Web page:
So, either 30.000 NATO troops + 10.000 in Macedonia and some 300 fighter planes around the country is a) a show of force before NATO’s 50th Anniversary, b) a fighting force to secure occupation of Kosovo if Yugoslavia says no, or c) a force that is aimed, sooner or later, to move into other trouble spots such as the Voivodina province and Sandzak, leading to the de facto dissolution of present Yugoslavia.”

Here follows some examples of what I see as highly problematic provisions in the February 23 Agreement text: 

• In the document NATO is welcomed by the Parties to help ensure compliance by establishing a force – KFOR – which may be composed of ground, air, and maritime units from NATO and non-NATO countries; neither the maximum number nor the countries is specified; KFOR is headed by a Commander, COMKFOR, and is subject to the direction and political control of the North Atlantic Council.

• The UN plays no role except that the Security Council is “invited” to pass a resolution endorsing the Agreement – which can be seen as a gross humiliation of the classical peacekeeper with much longer experience and a highly successful mission in neighbouring Macedonia.

• NATO shall control the use of airspace over Kosovo.

• All aircraft, radars, surface-to-air missiles and anti-aircraft artillery in Kosovo shall be relocated immediately to Serbia proper; as KLA does not possess aircraft this provision is aimed to prevent Yugoslavia from threatening NATO forces.

• A 5 kilometer Border Zone shall be set up around Kosovo including with the rest of FRY and the border marked on the ground; apart from border guards there shall be no soldiers on the border.

• Within 180 days “offensive” forces of the Federal Republic of Yugoslavia, FRY, shall be completely withdrawn to other locations in Serbia; the Border Guard is limited to 1500 members and up to 1000 C2 and logistics forces in predetermined cantonment sites. COMKFOR can require further reductions. This means that Yugoslavia can no longer decide for itself how it will defend the Kosovo part of the border around its territory. A maximum of 2500 Ministry of Interior forces shall be disarmed to have only civil police functions.

• Conspicuously, the Agreement holds no provisions as to prevent or reduce military activity in neighbouring countries such as Macedonia or Albania from where the KLA has operated, trained and received its supplies.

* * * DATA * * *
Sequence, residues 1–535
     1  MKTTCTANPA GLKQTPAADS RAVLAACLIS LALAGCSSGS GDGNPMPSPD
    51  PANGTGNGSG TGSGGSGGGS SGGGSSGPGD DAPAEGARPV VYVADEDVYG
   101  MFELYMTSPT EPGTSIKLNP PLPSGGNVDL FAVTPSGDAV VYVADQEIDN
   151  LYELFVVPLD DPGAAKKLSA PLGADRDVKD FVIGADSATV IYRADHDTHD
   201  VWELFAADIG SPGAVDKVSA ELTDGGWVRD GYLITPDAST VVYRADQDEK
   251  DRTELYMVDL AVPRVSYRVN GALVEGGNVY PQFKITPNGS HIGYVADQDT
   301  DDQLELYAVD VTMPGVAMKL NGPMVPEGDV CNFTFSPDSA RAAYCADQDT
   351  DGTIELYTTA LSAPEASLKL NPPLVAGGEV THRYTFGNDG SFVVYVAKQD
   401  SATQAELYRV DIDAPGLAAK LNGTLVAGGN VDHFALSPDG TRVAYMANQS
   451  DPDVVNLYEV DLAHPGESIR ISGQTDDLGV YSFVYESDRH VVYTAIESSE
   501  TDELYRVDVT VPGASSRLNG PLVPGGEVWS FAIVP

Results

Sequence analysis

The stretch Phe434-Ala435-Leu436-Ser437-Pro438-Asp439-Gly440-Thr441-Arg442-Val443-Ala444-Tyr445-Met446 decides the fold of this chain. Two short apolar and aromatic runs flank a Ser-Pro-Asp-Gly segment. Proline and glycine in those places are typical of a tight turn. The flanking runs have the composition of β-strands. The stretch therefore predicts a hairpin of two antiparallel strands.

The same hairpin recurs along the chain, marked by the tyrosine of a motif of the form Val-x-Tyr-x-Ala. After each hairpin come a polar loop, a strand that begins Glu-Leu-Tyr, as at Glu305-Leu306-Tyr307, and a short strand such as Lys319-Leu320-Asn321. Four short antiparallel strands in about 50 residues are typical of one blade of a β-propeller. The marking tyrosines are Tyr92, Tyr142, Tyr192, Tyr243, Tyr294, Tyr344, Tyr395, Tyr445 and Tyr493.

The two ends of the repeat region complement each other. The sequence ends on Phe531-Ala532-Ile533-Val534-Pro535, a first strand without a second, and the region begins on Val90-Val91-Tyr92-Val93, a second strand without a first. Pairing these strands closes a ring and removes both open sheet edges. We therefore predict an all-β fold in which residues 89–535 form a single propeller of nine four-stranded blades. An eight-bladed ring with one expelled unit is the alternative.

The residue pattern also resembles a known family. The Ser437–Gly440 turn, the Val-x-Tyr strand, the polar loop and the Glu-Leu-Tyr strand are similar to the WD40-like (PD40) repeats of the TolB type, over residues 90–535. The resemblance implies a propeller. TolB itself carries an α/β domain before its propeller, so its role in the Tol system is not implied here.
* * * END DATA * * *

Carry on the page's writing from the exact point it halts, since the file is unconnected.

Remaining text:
• Throughout the document there is no mention of KLA, the Kosovo (Albanian) Liberation Army. It comes under the designation “Other Forces.” You may wonder how parties can be held accountable if they are not mentioned by name or actor in the document. Worse, could it be that there is a KLA, or a fraction of it, that is not represented at Paris and will NOT feel bound by this document?

• While there is a very substantial demilitarization of the Yugoslav forces, the KLA, or ‘Other Forces,’ must at the entry into force of the Agreement “PUBLICLY COMMIT THEMSELVES to demilitarize ON TERMS TO BE DETERMINED by COMKFOR, renounce violence, guarantee security of international personnel, and respect the international borders of FRY.” (Our emphasis). In other words, the real commitment of the Albanian side comes AFTER the signature in Paris and what they shall demilitarize and how is a matter between them and the COMKFOR, later.

• It is true that, by signing, they commit themselves to refrain from hostile action and to complete demilitarization; 30 days after the agreement has entered into force all prohibited weapons shall be stored and they shall stop wearing uniforms.But the difference between demilitarization procedures for the two sides leaves the FRY without what it may reasonably require in terms of guarantees – whereas the Albanian side can be completely safe with the provisions for FRY demilitarization.

• It is emphasized twice: “COMKFOR WILL (our emphasis, in the future, that is) establish procedures for demilitarization and monitoring of Other Forces in Kosovo and for the further regulation of their activities…” Why are the exact procedures not stated in the document?